Stupidity might be forgivable, but dishonesty is not. In Episode 8 the filmmakers have constructed an apparatus from which cans of paint are suspended. The cans have holes pieced into them and swing over a sheet of paper. This, Schaeffer tells us, is how Pollock created his paintings. Pollock, like John Cage, he tells us, embraced pure chance. But every first year art student knows this is not true. Pollock poured the paint and dripped it with sticks and brushes in a dance with paint and gravity over the canvases. He did not give way to chance; he “denied the accident”. Pollock had more in common with Bartok and El Greco than Cage. Scheaffer seems to have been afflicted with a curious inability to perceive metaphors, let alone think in metaphors. His literal view of the Bible extended to all cultural phenomena. Pollock’s dripped paintings looked random to him, therefore they had to be random (and don’t get me started on Schaeffer’s view of chance in art; suffice to say he saw it as evil). He makes this mistake repeatedly. Cezanne and the painters he influenced, such as Picasso, seemed to have “fragmented” humanity, therefore they in fact expressed fragmentation and offered fragmentation as a view. It never occurred to Schaeffer that they were developing a new way to explore the picture plane, in response to photography and other developments, and that this new aesthetic was itself a rich expression of humanity. No, he decides they failed to be deeply humane because the people in their paintings did not look realistic in the manner of the classical painters.

I have lingered over Schaeffer’s stupidities and lies because his son, Frank, who had directed the film series based on his father’s book, attempts in his book Crazy for God to allow his father’s status among the fundamentalists as an intellectual to stand. But since he (Frank) has parted ways with the Religious Right, this means that he wants his father to be seen outside that sect as an intellectual, and this attempt is simply not justified by his father’s writings.

Unfortunately this obscures a larger point that needs exposure. In Crazy for God Frank Schaeffer explains that one of the ways the Religious Right was able to become so powerful was that the mainstream media ignored their books and films. He suggests that had the New York Times bothered to review How Should We Then Live? then maybe the culture at large would not have been blindsided by the Religious Right. But one could not reasonably expect the New York Times to consider a book like How Should We Then Live? to be worth reviewing. The book should indeed be discussed, but in a forum that does not lend it intellectual legitimacy.

Frank Schaeffer’s larger point—that historically mainstream society ignores religious fundamentalism and is therefore blind to its dangers—is certainly true and well worth emphasizing. When George W. Bush first announced his run for the presidency I took a look at him and instantly recognized him as a fundamentalist. I had grown up with them and knew one when I saw one. I told everyone I knew that he was a fundamentalist and no one—not one person—believed me. But what’s even sadder is that to this very day I continue to talk to people who still cannot recognize Bush as a fundamentalist. This is because people refuse to educate themselves on what religious fundamentalism is—particularly how destructive it is. It destroys families and starts wars.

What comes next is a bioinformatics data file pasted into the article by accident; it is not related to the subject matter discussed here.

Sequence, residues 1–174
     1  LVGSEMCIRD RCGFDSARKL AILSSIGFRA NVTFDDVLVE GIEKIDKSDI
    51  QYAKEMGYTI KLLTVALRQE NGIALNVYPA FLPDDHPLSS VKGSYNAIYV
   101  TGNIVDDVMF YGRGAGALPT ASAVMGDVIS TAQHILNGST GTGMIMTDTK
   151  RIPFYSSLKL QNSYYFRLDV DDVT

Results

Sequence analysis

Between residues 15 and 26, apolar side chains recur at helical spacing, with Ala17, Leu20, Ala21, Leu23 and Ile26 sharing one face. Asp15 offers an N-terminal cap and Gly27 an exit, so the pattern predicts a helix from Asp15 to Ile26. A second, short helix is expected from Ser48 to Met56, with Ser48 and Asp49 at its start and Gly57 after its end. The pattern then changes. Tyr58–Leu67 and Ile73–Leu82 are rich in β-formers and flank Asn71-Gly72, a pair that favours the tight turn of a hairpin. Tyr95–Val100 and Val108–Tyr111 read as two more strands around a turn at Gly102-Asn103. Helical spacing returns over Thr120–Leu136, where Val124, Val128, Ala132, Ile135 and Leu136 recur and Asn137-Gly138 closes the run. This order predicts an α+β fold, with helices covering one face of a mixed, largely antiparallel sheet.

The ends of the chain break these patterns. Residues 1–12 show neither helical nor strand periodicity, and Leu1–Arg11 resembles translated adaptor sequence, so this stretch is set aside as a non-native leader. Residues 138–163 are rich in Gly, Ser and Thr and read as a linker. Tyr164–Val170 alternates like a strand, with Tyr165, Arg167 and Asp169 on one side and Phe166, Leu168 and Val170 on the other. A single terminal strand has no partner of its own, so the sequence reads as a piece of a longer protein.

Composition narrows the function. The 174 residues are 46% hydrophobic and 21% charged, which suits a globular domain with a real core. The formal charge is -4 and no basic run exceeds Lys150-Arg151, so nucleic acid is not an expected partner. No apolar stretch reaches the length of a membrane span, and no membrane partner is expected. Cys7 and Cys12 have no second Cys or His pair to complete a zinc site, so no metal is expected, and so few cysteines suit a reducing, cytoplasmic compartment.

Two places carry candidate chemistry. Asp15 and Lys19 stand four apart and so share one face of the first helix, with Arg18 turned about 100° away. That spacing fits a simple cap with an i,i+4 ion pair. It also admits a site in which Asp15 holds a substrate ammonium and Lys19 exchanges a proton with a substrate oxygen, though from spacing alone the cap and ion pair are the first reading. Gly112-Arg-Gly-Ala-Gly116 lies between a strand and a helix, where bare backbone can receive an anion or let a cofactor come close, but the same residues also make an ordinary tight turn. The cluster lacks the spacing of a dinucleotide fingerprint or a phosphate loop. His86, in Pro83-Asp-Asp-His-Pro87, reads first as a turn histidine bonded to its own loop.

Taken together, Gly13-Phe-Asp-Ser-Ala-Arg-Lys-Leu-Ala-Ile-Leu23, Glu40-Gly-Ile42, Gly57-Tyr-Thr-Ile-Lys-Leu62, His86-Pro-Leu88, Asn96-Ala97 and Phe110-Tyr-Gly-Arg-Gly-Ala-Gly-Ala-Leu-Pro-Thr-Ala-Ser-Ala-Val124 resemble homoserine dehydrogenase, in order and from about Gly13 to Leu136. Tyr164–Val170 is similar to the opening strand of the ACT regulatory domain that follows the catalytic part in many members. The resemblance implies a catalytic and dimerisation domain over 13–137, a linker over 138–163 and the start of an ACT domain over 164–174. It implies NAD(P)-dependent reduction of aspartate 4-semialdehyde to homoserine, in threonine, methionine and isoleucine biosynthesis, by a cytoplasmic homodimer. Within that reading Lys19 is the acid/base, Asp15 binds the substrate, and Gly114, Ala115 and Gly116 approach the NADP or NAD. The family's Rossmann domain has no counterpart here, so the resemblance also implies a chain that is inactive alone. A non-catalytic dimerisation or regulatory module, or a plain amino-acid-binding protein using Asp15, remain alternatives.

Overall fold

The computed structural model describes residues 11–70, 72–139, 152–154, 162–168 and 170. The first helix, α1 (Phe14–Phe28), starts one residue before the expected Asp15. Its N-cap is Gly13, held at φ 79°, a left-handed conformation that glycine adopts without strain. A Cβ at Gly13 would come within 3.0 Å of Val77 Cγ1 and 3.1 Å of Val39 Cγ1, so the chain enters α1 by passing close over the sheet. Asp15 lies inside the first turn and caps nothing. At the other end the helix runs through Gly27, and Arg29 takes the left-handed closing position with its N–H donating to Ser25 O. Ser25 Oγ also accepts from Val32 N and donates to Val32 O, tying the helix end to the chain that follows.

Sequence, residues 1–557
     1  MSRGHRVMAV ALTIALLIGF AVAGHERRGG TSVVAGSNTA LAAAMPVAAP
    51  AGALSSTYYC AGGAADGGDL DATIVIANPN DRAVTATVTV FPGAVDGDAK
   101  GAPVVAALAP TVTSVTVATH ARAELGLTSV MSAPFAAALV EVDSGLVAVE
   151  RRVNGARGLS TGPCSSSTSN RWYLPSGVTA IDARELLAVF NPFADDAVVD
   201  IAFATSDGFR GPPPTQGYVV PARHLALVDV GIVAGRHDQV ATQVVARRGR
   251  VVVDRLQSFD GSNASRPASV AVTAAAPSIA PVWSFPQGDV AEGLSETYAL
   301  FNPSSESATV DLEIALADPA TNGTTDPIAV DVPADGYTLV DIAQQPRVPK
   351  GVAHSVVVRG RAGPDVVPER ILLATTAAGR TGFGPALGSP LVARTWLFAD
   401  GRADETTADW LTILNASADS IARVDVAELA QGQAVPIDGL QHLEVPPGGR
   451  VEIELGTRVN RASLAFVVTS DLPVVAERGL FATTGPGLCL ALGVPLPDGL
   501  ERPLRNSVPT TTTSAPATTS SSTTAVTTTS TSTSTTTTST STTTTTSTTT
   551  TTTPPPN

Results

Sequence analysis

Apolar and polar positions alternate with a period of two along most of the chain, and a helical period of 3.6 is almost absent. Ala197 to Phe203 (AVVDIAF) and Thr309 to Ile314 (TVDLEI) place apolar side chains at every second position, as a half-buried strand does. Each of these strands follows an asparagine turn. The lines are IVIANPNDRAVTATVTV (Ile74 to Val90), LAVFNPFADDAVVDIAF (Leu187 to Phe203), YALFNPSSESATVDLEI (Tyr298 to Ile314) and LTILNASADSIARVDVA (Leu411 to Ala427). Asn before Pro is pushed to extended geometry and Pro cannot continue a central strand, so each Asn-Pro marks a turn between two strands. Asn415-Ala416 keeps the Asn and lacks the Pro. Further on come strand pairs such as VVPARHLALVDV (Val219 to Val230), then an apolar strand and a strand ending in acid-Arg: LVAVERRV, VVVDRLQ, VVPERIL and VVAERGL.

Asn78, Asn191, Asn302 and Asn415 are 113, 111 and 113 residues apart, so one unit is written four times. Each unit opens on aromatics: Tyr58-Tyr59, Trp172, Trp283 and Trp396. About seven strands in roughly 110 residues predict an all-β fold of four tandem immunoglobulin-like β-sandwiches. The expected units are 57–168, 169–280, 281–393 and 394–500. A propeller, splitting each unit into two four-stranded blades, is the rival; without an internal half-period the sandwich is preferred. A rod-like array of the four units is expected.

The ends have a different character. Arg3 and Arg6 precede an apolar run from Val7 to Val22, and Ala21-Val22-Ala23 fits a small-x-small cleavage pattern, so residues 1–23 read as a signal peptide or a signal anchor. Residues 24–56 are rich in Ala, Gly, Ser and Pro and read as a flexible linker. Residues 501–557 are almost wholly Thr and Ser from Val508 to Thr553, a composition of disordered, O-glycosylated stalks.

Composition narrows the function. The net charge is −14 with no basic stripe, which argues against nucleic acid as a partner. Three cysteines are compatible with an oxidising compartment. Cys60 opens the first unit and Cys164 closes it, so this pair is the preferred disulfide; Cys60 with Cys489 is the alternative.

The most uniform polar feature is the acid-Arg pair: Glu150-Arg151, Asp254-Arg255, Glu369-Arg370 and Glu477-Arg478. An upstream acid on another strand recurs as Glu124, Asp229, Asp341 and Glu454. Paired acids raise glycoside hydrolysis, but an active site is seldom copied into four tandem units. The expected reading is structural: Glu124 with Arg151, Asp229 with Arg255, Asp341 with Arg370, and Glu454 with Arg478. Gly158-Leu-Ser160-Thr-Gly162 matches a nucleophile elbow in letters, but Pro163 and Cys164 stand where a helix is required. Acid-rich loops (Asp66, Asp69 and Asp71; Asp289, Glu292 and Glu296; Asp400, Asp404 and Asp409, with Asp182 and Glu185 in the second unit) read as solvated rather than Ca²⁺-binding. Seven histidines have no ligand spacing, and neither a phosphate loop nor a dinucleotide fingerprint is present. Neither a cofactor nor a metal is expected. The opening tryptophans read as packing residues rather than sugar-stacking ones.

I am very puzzled by this wanton ignorance. After all, we were attacked on 9/11 by religious fundamentalists, Bush’s response—to invade Iraq—was motivated in large part by his us vs. them, good vs. evil mentality. Our whole world has been shaped for the past dozen years by religious fundamentalism, for even longer it has infiltrated the highest level of government, and yet Americans still don’t care to know anything about it. Frank Schaeffer’s book is an excellent way to begin learning about it. I did not know, before reading this book, how instrumental he was in the rise of the Religious Right. Throughout the memoir, Frank Schaeffer repeats phrases such as, “much to my shame”. He should, he’s got a lot to answer for. But I applaud him for his work, and encourage everyone to read Crazy for God.

Going back to when I was in my late teens: one day I brought in the mail and muttered some disparaging comment about the Falwell Ministies flyer. Hearing me, my mother physically backed me up against the wall and demanded to know what I had against Jerry Falwell. Startled by her uncharacteristic aggressiveness, I told her. I spewed the words out, about what a hate-monger and arrogant, evil anti-intellectual he was, the kind of person that quashes creativity in the bud. A person like you, I said. My mother instantly withered, seemed to actually crumple up and shrank away from me. I saw in an instant how weak she was, how easily I could wound her, and saw that her religion was the life raft she clung to. She, and thousands of others like her, were the kind of people preyed upon by the leaders of the Religious Right. I also knew that as long as she was under their spell there was no hope of communication between us. To this day I know of nothing more tragic than that.

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17 Responses to Crazy for God: Frank and Francis Schaeffer